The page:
In 2011, monitoring at the Kasota Ponds wetlands was expanded beyond water quality to include assessment of the biological health of the wetlands. Results from the 2011 biological surveys can be found in the 2011 MWMO Annual Monitoring Report (PDF). With the goal of maintaining a five-year schedule for biological assessment, the monitoring was repeated in 2016. During June and July, the Kasota Ponds wetlands were sampled for macroinvertebrate and aquatic plant assemblages. These data were used to assess the health of the Kasota Ponds wetlands relative to other wetlands in the state and to establish baseline records for the wetlands. Results from the 2016 biological sampling can be found in the 2016 MWMO Annual Monitoring Report (PDF).

Interns collecting macroinvertebrate samples at Kasota Pond East in 2016.
Interns collecting macroinvertebrate samples at Kasota Pond East in 2016.

Wetland Macroinvertebrate Sampling

Sample Collection, Handling and Preservation Methods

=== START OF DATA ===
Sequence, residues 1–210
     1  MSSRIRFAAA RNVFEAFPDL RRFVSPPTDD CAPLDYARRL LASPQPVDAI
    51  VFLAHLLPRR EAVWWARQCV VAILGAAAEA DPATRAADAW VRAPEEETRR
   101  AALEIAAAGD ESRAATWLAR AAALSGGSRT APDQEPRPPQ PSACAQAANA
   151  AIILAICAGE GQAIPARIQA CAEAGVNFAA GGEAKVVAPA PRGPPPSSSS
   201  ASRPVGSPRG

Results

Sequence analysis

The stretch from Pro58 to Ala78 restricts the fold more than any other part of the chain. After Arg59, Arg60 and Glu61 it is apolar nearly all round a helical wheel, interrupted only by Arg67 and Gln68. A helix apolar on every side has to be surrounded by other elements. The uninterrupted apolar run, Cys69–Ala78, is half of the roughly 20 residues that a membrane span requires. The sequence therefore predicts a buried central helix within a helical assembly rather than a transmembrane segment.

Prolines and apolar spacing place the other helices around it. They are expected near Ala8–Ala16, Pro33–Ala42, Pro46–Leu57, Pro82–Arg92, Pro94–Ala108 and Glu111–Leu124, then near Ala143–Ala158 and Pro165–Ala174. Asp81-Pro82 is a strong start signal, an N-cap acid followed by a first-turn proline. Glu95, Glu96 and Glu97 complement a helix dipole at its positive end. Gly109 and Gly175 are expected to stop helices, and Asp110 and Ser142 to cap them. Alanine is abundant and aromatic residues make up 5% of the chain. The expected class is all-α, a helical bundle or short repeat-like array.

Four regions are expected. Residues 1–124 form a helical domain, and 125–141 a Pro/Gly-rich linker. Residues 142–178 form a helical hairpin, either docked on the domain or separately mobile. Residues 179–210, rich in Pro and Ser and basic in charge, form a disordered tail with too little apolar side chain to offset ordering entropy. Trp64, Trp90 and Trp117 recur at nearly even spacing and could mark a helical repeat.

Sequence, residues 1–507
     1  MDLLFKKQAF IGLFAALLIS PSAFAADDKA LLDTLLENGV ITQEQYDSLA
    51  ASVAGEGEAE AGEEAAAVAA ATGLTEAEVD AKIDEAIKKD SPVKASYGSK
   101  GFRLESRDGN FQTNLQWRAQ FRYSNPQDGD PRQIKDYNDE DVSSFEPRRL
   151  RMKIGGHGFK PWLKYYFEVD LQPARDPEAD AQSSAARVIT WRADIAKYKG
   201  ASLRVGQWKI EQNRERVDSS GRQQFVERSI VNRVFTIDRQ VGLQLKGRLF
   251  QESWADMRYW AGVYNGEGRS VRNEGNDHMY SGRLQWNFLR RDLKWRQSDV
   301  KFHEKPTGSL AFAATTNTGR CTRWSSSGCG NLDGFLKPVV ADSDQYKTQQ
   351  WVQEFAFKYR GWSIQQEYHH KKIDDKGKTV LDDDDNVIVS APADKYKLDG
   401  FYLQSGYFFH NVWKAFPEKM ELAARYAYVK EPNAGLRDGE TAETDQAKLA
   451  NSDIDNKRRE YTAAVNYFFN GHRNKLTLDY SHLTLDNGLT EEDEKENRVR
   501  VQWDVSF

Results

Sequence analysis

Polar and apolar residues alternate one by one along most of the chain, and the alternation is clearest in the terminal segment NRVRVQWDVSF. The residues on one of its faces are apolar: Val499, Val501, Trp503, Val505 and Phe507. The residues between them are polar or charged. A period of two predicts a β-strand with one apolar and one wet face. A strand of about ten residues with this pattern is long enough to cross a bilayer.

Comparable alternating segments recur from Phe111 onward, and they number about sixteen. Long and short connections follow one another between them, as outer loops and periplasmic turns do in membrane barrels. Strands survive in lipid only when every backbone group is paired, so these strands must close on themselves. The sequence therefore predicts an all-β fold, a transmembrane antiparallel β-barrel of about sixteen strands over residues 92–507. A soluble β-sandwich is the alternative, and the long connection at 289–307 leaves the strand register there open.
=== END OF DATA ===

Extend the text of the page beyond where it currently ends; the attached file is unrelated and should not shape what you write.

Macroinvertebrate samples are typically collected in June every five years by following the MPCA’s Macroinvertebrate Community Sampling Protocol for Depressional Wetland Monitoring Sites (PDF). At each of the three wetlands, two samples are collected from the water column and vegetation above the substrate using dipnets. During the 2011 biological sampling, activity traps were also deployed. In 2016, activity traps were not used, per new MPCA guidelines. The MPCA reviewed activity trap use in wetland macroinvertebrate sampling and determined that it required significant staff time relative to its contribution to the Indexes of Biological Integrity (IBI) score calculation and also had the potential to cause fatalities of non-targeted species such as tadpoles and minnows (Bouchard, Chirhart, and Genet, 2011).